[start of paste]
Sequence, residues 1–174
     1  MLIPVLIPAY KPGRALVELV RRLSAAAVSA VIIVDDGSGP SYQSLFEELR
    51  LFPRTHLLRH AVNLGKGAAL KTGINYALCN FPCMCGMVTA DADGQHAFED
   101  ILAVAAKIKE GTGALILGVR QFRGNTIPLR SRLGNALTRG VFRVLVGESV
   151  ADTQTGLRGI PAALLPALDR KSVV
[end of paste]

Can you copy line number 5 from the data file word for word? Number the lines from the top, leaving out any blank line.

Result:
   151  ADTQTGLRGI PAALLPALDR KSVV